Acted opposite Ben Kingsley in "Pascali's Island"
Appeared in the Comedy "Raising Helen" directed by Garry Marshall
Co-starred in Ken Russell's "Savage Messiah" and had title role in film "Miss Julie"
Co-starred in the television movie "Door To Door"
Offered an award winning performance as the Queen of England in the Channel 4/HBO joint production of "Elizabeth I"
Played the queen in "Prince of Jutland/Royal Deceit," a drama that purported to tell the "real" story of Hamlet
Published her memoir, <i>In the Frame</i>
Returned to Broadway opposite Ian McKellen in "The Dance of Death"
Returned to the London stage in "Collected Stories"
Starred in "Love Ranch," based on the true story of a married couple who opened the first legal brothel in Nevada; her husband Taylor Hackford directed the film
Co-starred with Bruce Willis in "Red," an adaption of the comic book mini-series of the same name
Starred as Prospera in the Julie Taymor-directed adaptation of Shakespeare's "The Tempest"
Played Hobson, the title character's nanny in the remake of "Arthur," opposite Russell Brand
Played a former Mossad agent in "The Debt"
Portrayed the filmmaker's wife and longtime creative partner Alma Reville in "Hitchcock"
Featured in Pixar's "Monsters University"
Starred in the action sequel "Red 2"
Starred in culinary romance "The Hundred-Foot Journey"
Starred opposite Ryan Reynolds in "Woman In Gold," a drama about Nazi-looted art following World War II
Co-starred with Aaron Paul and Alan Rickman in war thriller "Eye in the Sky"
Portrayed Hollywood gossip columnist Hedda Hopper in Hollywood Blacklist biopic "Trumbo"
Co-starred in the notorious and controversial feature "Caligula"
Played the efficient housekeeper Mrs. Wilson in Robert Altman's "Gosford Park"
Played the love interest to Bob Hoskins' gangster in the acclaimed "The Long Good Friday"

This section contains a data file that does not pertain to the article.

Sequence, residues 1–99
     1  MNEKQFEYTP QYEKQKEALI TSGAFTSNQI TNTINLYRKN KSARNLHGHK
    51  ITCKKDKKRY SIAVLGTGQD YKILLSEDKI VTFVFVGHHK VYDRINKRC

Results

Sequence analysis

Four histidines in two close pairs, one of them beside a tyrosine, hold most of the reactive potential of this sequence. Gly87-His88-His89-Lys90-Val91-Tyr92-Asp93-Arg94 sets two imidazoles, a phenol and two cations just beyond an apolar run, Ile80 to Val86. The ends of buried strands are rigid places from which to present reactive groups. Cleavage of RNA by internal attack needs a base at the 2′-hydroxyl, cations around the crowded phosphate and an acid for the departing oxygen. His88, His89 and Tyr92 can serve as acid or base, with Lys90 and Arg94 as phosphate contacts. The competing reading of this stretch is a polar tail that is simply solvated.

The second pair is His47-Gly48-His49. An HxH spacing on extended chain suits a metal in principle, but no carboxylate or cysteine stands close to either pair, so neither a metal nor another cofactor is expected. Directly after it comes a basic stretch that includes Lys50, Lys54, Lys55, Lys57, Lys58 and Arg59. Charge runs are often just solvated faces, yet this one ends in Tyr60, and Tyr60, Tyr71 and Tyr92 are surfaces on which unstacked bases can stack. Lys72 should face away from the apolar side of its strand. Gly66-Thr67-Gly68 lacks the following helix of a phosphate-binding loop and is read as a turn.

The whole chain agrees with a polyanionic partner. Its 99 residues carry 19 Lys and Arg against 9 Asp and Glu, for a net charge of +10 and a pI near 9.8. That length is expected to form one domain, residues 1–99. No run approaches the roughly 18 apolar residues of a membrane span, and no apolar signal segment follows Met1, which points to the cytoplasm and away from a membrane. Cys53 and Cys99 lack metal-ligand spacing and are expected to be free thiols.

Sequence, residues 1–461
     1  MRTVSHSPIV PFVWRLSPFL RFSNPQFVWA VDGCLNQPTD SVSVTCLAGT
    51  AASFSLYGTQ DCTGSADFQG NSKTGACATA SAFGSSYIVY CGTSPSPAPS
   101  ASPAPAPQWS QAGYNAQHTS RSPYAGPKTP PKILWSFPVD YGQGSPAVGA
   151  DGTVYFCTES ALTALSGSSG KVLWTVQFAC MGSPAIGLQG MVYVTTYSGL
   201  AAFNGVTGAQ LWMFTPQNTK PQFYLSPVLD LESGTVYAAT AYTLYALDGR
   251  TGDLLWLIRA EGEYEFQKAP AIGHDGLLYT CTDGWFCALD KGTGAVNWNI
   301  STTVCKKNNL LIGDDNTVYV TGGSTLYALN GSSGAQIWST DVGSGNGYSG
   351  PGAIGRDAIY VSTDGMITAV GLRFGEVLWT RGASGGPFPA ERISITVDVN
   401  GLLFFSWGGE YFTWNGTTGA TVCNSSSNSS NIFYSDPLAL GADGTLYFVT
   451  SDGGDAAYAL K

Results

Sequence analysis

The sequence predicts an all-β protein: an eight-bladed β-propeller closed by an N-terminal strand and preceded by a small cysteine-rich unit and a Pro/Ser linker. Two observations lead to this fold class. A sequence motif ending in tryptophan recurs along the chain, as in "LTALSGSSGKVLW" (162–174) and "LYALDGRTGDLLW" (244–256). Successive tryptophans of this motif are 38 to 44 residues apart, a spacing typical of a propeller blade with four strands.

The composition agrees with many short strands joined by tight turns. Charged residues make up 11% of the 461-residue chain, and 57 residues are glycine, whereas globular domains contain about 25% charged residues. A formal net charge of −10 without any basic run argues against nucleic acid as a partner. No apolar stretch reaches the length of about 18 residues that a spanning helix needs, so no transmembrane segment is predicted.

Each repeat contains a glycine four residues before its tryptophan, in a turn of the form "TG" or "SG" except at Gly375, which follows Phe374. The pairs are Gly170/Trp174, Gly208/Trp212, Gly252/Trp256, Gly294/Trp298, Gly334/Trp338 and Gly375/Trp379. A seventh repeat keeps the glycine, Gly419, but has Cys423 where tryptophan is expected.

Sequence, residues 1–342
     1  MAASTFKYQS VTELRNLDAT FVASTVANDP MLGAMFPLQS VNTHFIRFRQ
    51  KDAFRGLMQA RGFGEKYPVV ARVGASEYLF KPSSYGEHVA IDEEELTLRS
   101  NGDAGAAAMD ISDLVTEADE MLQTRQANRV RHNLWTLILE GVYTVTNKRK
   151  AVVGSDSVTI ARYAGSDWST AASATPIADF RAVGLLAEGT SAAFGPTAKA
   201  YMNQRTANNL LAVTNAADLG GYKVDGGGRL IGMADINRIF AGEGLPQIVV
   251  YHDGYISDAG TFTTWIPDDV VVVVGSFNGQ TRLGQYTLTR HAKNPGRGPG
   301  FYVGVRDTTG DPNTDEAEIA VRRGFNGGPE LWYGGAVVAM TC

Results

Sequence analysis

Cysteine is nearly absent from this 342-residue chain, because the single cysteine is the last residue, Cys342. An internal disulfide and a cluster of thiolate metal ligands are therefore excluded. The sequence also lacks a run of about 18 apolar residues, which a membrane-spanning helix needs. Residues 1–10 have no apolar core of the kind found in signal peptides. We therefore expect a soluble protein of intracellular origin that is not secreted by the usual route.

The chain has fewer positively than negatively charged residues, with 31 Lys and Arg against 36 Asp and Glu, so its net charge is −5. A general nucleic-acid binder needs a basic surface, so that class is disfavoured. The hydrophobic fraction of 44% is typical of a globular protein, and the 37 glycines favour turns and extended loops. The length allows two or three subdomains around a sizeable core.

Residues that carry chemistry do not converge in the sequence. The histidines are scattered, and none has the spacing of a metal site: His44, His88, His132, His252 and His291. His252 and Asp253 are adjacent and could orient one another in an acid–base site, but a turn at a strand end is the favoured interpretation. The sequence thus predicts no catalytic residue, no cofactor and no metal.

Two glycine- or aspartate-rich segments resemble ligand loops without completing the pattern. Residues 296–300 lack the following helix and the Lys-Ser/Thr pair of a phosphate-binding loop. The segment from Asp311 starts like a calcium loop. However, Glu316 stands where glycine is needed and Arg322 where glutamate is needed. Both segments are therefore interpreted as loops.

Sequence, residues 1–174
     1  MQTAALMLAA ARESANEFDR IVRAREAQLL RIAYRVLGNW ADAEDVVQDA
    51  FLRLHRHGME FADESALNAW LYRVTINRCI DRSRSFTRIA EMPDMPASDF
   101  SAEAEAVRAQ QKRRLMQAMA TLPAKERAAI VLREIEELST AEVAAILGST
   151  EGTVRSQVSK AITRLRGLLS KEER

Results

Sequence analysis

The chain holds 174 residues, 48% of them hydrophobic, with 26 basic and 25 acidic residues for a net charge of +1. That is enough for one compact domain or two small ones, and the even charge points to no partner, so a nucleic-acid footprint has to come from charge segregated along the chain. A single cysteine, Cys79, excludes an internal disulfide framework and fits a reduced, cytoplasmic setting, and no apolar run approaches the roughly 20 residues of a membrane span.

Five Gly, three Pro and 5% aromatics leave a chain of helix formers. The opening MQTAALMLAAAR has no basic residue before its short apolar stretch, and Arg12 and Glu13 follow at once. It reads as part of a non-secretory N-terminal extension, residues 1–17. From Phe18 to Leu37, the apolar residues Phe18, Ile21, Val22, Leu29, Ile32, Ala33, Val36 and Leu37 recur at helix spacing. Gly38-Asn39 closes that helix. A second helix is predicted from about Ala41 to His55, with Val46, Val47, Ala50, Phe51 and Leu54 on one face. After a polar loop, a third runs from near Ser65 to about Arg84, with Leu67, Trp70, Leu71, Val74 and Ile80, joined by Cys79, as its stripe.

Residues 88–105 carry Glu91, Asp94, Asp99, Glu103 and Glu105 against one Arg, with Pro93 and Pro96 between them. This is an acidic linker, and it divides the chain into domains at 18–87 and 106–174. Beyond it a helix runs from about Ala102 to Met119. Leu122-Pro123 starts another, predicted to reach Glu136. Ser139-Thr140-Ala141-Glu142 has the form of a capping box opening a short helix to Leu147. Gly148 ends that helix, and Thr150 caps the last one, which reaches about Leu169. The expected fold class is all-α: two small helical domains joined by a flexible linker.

Offered a nuanced turn as the widow of a British soldier who falls in love with the young Irishman responsible for his death in "Cal"
Offered memorable turn as the muse for James Mason in "Age of Consent"
Portrayed Queen Elizabeth II following the tragic death of Diana, Princess Of Wales in "The Queen"
Starred in "Calender Girls"as one of the women of the Rylstone Women's Institute in North Yorkshire that posed nude in 1999, to raise money for Leukemia
Appeared in Lindsay Anderson's "O Lucky Man!"
Created signature role of Detective Inspector Jane Tennison in the Granada Television drama "Prime Suspect" (aired in USA on PBS in 1991); reprised the role in several series between 1992 and 2006
Had leading comic role as a gardening expert in the British comedy "Greenfingers"
Had title role of the cheating spouse of a gangster in Peter Greenaway's "The Cook, the Thief, His Wife and Her Lover" opposite Michael Gambon
Played the loyal queen in "The Madness of King George"; co-starring Nigel Hawthorne and Rupert Everett
Starred opposite Harrison Ford in "The Mosquito Coast"
Portrayed Sofya Tolstoy, opposite Christopher Plummer as Leo Tolstoy, in the German biographical film, "The Last Station"